"Africa is, indeed, coming into fashion." - Horace Walpole (1774)


congo watch: ten years

Today marks ten years since the overthrow of the Mobutu regime in what was then Zaire. On May 17, 1997, forces led by Laurent Desire Kabila marched into Kinshasa, took control, and renamed the country the Democratic Republic of Congo. Thus, today is an important national holiday in the DRC.

I began studying central Africa as a freshman at Baylor in the spring of 1997. I had been assigned a research project about the refugee crisis in Africa's Great Lakes region (the area bordered by Rwanda, Burundi, Uganda, Tanzania, and Zaire/Congo). It was a fascinating and challenging project, as tens of thousands of refugees moved every day. I followed the series of events in Zaire that spring with great interest in the type of government the new regime would implement, with sadness at the plight of those who suffered in the fighting, and with hope that the new regime could calm things down.

On and off, I have been thinking about the Congo for ten years. Since 1997, we've seen two or three (depending on how you count) international wars engulf the country. At one point, six foreign countries were involved in the conflict one way or another. Local-level conflicts over land continued simultaneously with the war. In ten years, millions were displaced from their homes, some over borders to refugee camps in Tanzania, Uganda, Burundi, Zimbabwe, or Angola. Some were left to fend for themselves in their home country as internally displaced persons. The major rebel parties reached a peace agreement in 2003, but fighting still continues in the east of the country, as it has for more than ten years now.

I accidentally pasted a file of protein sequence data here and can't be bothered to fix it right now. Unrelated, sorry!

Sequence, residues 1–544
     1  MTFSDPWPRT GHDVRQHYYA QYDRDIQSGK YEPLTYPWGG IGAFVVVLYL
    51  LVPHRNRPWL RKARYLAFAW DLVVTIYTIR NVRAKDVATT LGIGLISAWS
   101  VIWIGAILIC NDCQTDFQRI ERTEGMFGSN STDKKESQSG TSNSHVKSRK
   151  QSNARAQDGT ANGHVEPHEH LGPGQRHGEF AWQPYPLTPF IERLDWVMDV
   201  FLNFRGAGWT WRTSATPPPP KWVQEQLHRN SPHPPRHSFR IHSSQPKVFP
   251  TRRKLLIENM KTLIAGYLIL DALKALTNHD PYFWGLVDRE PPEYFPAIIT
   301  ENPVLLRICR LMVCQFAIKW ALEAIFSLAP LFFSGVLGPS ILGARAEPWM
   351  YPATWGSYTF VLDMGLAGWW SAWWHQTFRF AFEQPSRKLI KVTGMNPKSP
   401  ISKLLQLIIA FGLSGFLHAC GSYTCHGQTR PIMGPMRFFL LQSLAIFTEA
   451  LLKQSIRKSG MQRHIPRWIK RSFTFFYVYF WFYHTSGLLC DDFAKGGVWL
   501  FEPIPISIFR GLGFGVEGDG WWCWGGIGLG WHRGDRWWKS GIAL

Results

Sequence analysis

Four million people died.

At least 40,000 women and girls were raped.

Today I received an email from the professional association of those of us who study Africa, asking for a witness on a political asylum case. This is pretty routine, but I actually read this one, because it asked for a witness who could attest to the nature of politics and life in the DRC. It's just another daily reminder of how much people suffer, how bad life is when a government is incapable of governance, when there is no peace in the land.

It's been ten years since that day of hope and confusion. I hope with all my heart that the Congolese people will not have to endure another decade like their last one.



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